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Saturday, January 14, 2012

Understanding Gandhi

I recently read Tariq Ali’s brilliant piece in Viewpoint (“an activist alternative to the corporate-mainstream media”) on Saadat Hasan Manto, unarguably, South Asia’s best chronicler of the horrors of the subcontinent’s Partition in 1947.

Ali’s piece (Manto & ‘1947’) is a mix of the polemical and the personal, in which he adroitly combines personal history, opinion, translations of poems by Faiz and Sahir to profile Manto and contextualise his continuing relevance to South Asian societies in present times.

Non-partisan historians generally accept Ali’s analyses of the causes of the Partition and its fallout five-and-a-half decades later in South Asia.

He states, “Nehru and Jinnah were both shaken by the orgy of barbarism (of Partition riots). It offended all their instincts. But it was Mahatama Gandhi who paid the ultimate price. For defending the right to live of innocent Muslims in post-Partition India he was assassinated by Nathuram Godse, a fundamentalist Hindu fanatic. Godse was hanged, but two decades later, Godse’s brother told Channel Four that he regretted nothing. What happened had to happen.

“That past now rots in the present and threatens to further poison the future. The political heirs of the hanged Godse are shoving aside the children of Nehru and Gandhi. The poisonous fog of the religious world has enveloped politics. History, unlike the poets and writers of the sub-continent, is not usually prone to sentiment.”

I was reminded of another interpretation of the dichotomy between the ideas of Gandhi and Godse by Ashis Nandy.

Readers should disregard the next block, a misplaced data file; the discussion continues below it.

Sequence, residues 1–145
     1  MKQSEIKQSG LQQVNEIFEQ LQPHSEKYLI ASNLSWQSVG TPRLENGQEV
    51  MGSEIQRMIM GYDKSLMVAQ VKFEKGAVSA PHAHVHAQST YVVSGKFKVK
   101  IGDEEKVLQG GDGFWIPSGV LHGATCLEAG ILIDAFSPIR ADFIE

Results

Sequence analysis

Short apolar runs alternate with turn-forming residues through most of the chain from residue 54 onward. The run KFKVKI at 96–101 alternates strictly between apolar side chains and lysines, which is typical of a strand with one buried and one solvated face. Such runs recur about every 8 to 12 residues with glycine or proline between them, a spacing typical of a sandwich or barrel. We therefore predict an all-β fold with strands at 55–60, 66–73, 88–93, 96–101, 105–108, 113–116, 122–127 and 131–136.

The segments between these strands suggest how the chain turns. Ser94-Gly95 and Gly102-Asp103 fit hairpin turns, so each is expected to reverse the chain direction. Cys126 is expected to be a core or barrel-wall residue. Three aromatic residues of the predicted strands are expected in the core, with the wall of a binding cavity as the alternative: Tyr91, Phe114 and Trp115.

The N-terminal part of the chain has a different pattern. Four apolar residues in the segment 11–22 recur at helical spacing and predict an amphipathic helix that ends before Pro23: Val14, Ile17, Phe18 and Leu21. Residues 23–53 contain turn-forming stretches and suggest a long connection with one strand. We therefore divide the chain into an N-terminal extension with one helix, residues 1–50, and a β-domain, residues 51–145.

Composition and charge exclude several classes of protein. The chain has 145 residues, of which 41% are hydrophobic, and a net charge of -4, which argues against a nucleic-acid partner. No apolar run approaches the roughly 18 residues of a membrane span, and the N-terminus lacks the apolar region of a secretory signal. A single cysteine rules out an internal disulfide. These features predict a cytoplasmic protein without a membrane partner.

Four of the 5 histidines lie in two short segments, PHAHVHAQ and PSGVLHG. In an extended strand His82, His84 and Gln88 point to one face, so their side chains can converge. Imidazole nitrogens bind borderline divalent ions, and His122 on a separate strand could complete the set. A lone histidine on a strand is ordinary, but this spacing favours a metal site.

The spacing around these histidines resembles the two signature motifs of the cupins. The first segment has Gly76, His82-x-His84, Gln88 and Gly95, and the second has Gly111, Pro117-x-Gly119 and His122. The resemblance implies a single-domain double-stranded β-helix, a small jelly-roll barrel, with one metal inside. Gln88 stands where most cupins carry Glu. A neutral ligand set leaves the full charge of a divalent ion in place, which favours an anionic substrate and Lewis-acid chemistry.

Traditionally, most historians have misconstrued (perhaps deliberately) Gandhi as a liberal secularist not much different from Nehru, which is not to say that Gandhi was an illiberal fundamentalist. But there is a fundamental difference between Gandhi and Nehru and Gandhi defies attempts at such compartmentalisation of people and ideas into mutually exclusive and opposing categories.

Nandy gives a penetrating insight in this dichotomy between Gandhi and Godse (Outside the Imperium: Gandhi’s Cultural Critique of the West from Traditions, Tyranny and Utopia Essays in Politics of AwarenessA VeryPopular Exile, Oxford India Paperbacks).

Nandy notes, “Gandhi died, almost necessarily, at the hands of one who represented the modern world and sought a secular-scientific orientation to statecraft. The young assassin, Nathuram Vinayak Godse, supposedly a religious fanatic, gave a spirited last speech in court before the death sentence was passed on him. It was essentially a fervent, rationalist, modern plea to recognise the dangers Gandhi posed to the growth of the modern state in India and to the conduct of ‘normal’ politics along the lines of Professor Henry Kissinger would have approved of. The plea invoked interesting reactions. Jawaharlal Nehru, for instance, called Godse  an insane killer who did not know what he had done. Yet, Nehru’s government banned Godse’s last testament lest others should find it too sane. The government knew that it was Godse who was seeking the secular solution, Gandhi the religious.”

Nandy adds, “It is a measure of the success of modern science in India that his ultra-Hindu, Brahmanic assassin accused Gandhi of bringing in anti-scientific ideas like soul force and morality into politics. Nathuram Godse claimed that he had unwittingly to kill Gandhi on behalf of the modern world, especially on behalf of modern ideas of statecraft and rationality, so that the newborn Indian nation could survive. One of Godse’s last wishes was to take the appeal against the death sentence passed on him for killing Gandhi to the Privy Council in Britain – still the highest court of appeal for India in 1948 – so that the world could judge his action impartially. He felt that the modern world would give him a better hearing than the superstitious, effeminate, Hindu admirers of Gandhi in India.”

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